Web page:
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Sexes mark mobile difference

Men and women pick and use their mobile phones differently, a new study by Ipsos Reid and Windows Mobile shows.

Men and women pick and use their mobile phones differently, a new study by Ipsos Reid and Windows Mobile shows.

The study found men were more likely to choose a phone for its features while women were more likely to choose one for its form and appearance. Men were also more likely than women to sleep with their mobile device next to their bed at night. The study also showed men admitted to calling their friends most often while women were more likely to call family members.

Laurence Ashworth, professor of marketing at the Queen’s School of Business, says the results show men and women use mobile devices for different reasons.

“Men use the devices for a broader range of functions that relate to specific things they want to achieve in their lives. For women these devices fulfill an aesthetic goal — the look of the product conveys something about themselves,” Ashworth said.

Both sexes agreed they spend more time with their mobile phone than with their significant other — though men were more likely (45 per cent) to admit to giving their device more attention than their significant other compared to women (28 per cent). Ashworth says the statistic isn’t surprising but definitely sobering.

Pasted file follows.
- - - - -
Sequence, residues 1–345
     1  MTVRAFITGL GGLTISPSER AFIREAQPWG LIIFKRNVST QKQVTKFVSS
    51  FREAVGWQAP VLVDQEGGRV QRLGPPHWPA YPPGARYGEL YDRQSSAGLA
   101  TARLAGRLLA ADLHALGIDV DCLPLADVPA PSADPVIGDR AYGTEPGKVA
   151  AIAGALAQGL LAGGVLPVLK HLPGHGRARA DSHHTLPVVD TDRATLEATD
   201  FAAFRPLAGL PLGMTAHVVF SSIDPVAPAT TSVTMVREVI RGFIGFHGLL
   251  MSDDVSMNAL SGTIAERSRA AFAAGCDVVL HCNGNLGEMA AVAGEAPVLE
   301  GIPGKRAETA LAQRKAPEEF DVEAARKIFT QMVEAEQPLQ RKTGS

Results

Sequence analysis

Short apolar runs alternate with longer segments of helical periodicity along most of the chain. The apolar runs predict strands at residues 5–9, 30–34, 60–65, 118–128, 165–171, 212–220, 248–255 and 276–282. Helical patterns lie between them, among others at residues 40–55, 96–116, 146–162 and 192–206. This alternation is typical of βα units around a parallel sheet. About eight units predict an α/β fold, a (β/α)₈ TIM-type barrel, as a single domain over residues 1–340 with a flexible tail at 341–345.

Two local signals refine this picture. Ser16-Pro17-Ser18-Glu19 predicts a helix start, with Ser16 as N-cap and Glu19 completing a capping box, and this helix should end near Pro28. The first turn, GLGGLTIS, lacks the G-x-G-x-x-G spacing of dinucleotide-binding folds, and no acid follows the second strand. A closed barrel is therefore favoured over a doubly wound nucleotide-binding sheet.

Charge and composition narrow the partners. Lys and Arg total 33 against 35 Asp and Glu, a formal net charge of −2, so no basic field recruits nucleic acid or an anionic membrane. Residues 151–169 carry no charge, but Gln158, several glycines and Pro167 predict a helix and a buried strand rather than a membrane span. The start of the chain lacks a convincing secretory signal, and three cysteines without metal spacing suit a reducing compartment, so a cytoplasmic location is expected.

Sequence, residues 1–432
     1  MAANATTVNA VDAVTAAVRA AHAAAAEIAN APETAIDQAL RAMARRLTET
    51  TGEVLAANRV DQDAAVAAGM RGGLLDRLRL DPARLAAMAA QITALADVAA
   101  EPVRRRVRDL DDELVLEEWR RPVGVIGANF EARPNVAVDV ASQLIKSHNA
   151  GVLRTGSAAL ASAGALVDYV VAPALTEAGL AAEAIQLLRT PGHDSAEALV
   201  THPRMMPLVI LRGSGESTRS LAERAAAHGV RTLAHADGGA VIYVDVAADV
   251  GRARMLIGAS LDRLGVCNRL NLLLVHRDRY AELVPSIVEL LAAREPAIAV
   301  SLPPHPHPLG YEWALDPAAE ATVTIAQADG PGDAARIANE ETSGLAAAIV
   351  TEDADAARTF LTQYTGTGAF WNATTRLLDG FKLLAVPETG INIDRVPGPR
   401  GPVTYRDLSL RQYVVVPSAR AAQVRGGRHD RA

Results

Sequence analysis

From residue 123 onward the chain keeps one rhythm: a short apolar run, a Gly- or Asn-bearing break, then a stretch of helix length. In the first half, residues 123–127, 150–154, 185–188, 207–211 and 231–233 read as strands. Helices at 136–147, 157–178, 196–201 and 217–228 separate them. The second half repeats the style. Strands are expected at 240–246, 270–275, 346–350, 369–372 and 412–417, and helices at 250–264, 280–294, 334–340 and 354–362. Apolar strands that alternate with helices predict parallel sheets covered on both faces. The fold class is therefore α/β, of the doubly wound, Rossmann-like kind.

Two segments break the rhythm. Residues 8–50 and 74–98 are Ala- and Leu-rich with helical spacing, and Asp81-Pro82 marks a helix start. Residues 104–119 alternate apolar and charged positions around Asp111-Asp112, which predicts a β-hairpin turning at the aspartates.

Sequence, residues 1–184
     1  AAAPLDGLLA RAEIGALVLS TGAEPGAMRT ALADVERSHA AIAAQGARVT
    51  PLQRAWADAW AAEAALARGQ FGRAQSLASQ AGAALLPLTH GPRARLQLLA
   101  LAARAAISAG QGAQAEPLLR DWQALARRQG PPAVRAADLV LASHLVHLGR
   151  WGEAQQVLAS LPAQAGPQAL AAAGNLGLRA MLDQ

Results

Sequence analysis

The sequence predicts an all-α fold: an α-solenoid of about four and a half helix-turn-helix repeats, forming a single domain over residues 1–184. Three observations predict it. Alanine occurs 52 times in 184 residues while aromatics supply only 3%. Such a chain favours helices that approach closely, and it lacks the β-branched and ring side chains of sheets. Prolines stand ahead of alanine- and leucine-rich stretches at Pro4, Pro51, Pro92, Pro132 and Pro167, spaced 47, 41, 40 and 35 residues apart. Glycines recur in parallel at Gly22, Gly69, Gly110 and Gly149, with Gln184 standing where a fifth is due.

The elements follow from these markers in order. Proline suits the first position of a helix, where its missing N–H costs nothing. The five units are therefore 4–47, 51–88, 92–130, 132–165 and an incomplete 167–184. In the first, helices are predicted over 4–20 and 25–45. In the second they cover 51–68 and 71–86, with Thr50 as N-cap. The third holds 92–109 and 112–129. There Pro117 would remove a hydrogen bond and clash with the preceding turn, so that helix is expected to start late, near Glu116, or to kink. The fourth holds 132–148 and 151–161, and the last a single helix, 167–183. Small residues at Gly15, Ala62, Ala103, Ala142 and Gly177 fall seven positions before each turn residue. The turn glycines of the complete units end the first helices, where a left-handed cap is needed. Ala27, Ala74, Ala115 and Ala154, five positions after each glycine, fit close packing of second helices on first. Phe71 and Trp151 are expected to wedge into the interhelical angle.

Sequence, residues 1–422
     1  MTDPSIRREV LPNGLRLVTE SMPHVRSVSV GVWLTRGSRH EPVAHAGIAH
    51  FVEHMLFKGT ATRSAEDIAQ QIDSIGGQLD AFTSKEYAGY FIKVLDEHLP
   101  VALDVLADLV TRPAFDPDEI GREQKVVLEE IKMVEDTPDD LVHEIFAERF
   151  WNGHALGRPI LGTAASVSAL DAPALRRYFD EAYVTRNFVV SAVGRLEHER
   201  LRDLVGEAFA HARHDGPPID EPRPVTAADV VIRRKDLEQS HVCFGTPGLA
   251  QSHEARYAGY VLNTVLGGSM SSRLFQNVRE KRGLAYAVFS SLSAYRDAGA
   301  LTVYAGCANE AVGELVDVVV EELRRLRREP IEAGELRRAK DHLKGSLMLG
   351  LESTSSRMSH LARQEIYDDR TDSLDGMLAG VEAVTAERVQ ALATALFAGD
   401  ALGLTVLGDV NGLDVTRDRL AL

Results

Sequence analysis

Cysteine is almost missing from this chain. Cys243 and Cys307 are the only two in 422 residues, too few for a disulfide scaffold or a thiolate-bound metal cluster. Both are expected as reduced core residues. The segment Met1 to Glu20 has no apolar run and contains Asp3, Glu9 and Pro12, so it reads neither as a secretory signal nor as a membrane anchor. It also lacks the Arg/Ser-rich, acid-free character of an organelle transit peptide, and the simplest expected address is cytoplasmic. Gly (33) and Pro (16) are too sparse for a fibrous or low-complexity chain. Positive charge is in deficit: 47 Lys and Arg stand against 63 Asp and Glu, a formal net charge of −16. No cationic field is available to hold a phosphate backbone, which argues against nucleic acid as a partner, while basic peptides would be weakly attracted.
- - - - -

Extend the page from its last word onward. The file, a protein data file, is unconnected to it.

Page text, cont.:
“We already spend more time at work than with our significant other, but I think if people stepped back they might take a look at how they use these devices,” he said.

When it came to picking colours for their mobile phones, men were much more likely to stick to black compared to women who would pick a wider variety of colours.

“Men are clearly staying away from feminine-style colours. Not one man in the survey said they would choose a pink mobile phone. There’s still a social stigma attached to a man using a pink phone,” Ashworth said.

Men and women did agree on how far they would go to retrieve a phone in unsavoury circumstances. Thirty-six per cent overall admitted they would search through a garbage can to find their phone while 20 per cent said they would reach into a toilet to fish their phone out.

One in twenty admitted they would pull their phone out of a pile of dog excrement. In all above situations, 40 per cent of men and women said they would continue to use their phone. Ashworth suggests the responses highlight the importance mobile phones have in people’s daily lives.

“I think people do become psychologically attached to phones because we are enormously reliant on them. People would go to the ends of the earth to save these devices,” Ashworth said.

 
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